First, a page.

12 found
  1.  47
    The evolution of phenotypic plasticity: Genealogy of a debate in genetics.Antonine Nicoglou - 2015 - Studies in History and Philosophy of Science Part C: Studies in History and Philosophy of Biological and Biomedical Sciences 50:67-76.
    The paper describes the context and the origin of a particular debate that concerns the evolution of phenotypic plasticity. In 1965, British biologist A. D. Bradshaw proposed a widely cited model intended to explain the evolution of norms of reaction, based on his studies of plant populations. Bradshaw’s model went beyond the notion of the “adaptive norm of reaction” discussed before him by Dobzhansky and Schmalhausen by suggesting that “plasticity” the ability of a phenotype to be modified by the environment (...)
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  2.  50
    Epigenetics: A way to bridge the gap between biological fields.Antonine Nicoglou & Francesca Merlin - 2017 - Studies in History and Philosophy of Science Part C: Studies in History and Philosophy of Biological and Biomedical Sciences 66:73-82.
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  3.  74
    The Boundaries of Development.Thomas Pradeu, Lucie Laplane, Michel Morange, Antonine Nicoglou & Michel Vervoort - 2011 - Biological Theory 6 (1):1 - 3.
    This special issue of Biological Theory is focused on development; it raises the problem of the temporal and spatial boundaries of development. From a temporal point of view, when does development start and stop? From a spatial point of view, what is it exactly that "develops", and is it possible to delineate clearly the developing entity? This issue explores the possible answers to these questions, and thus sheds light on the definition of development itself.
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  4.  32
    Waddington’s epigenetics or the pictorial meetings of development and genetics.Antonine Nicoglou - 2018 - History and Philosophy of the Life Sciences 40 (4):61.
    In 1956, in his Principles of Embryology, Conrad Hal Waddington explained that the word “epigenetics” should be used to translate and update Wilhelm Roux’ German notion of “Entwicklungsmechanik” to qualify the studies focusing on the mechanisms of development. When Waddington mentioned it in 1956, the notion of epigenetics was not yet popular, as it would become from the 1980s. However, Waddington referred first to the notion in the late 1930s. While his late allusion clearly reveals that Waddington readily associated the (...)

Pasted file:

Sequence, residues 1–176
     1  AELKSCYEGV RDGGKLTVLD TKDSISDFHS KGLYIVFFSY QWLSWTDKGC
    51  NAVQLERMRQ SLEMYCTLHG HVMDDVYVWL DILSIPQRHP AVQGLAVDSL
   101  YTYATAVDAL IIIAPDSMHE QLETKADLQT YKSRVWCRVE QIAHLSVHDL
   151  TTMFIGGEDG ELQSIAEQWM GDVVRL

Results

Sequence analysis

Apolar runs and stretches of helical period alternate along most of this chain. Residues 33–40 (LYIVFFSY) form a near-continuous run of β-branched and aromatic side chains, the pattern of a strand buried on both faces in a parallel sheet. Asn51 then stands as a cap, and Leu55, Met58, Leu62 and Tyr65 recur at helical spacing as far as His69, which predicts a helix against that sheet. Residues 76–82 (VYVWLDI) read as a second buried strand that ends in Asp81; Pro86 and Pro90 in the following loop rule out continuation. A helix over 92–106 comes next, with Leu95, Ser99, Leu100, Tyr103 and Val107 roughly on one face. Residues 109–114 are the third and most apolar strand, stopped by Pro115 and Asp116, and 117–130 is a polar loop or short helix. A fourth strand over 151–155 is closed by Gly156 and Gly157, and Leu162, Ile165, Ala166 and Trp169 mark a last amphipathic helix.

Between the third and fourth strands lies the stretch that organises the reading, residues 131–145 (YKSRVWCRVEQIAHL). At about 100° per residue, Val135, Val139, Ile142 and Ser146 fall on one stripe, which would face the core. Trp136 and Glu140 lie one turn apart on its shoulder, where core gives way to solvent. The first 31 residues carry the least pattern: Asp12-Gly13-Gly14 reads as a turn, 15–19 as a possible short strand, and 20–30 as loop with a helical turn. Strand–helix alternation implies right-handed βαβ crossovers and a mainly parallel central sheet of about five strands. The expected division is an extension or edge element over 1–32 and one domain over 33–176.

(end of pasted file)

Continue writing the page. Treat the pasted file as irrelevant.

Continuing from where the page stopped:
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  5.  39
    Defining the Boundaries of Development with Plasticity.Antonine Nicoglou - 2011 - Biological Theory 6 (1):36-47.
    The concept of plasticity has always been present in the history of developmental biology, both within the theory of epigenesis and within morphogenesis studies. However this tradition relies also upon a genetic conception of plasticity. Founded upon the concepts of ‘‘phenotypic plasticity’’ and ‘‘reaction norm,’’ this genetic conception focuses on the array of possible phenotypic change in relation to diversified environments. Another concept of plasticity can be found in recent publications by some developmental biologists (Gilbert, West-Eberhard). I argue that these (...)
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  6.  45
    Introduction: sketches of a conceptual history of epigenesis.Antonine Nicoglou & Charles T. Wolfe - 2018 - History and Philosophy of the Life Sciences 40 (4):64.
    This is an introduction to a collection of articles on the conceptual history of epigenesis, from Aristotle to Harvey, Cavendish, Kant and Erasmus Darwin, moving into nineteenth-century biology with Wolff, Blumenbach and His, and onto the twentieth century and current issues, with Waddington and epigenetics. The purpose of the topical collection is to emphasize how epigenesis marks the point of intersection of a theory of biological development and a theory of active matter. We also wish to show that the concept (...)
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  7.  74
    West-Eberhard and the notion of plasticity: Implications and consequences for an extended synthesis of evolution (Proceedings of the CAPE International Workshops, 2012. Part I: IHPST, Paris - CAPE, Kyoto philosophy of biology workshop).Antonine Nicoglou - 2013 - CAPE Studies in Applied Philosophy and Ethics Series 1:26-38.
    November 4th-5th, 2012 at Kyoto University. Organizers: Hisashi Nakao & Pierre-Alain Braillard.
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  8.  38
    Meeting disciplinary boundaries: towards a more inclusive philosophy of the life sciences.Pierre-Olivier Méthot, Miles MacLeod, Susanne Bauer, Fridolin Gross & Antonine Nicoglou - 2010 - Biological Theory (3):292-294.
  9.  13
    Development and Environment.Antonine Nicoglou - unknown
  10.  14
    Gillian Barker, Eric Desjardins, and Trevor Pearce Entangled life: organism and environment in the biological and social sciences: Dordrecht, Heidelberg, New York, London: Springer, 2014, Series: History, philosophy and theory of the life sciences, vol. 4, 279 pp, € 107,09.Antonine Nicoglou - 2015 - History and Philosophy of the Life Sciences 37 (2):222-224.
  11.  7
    Is plasticity relevant to define development?Antonine Nicoglou - unknown
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  12.  30
    Meeting Disciplinary Boundaries: Towards a More Inclusive Philosophy of the Life Sciences.Antonine Nicoglou, Fridolin Gross, Susanne Bauer, Miles MacLeod & Pierre-Olivier Méthot - 2010 - Biological Theory 5 (3):292-294.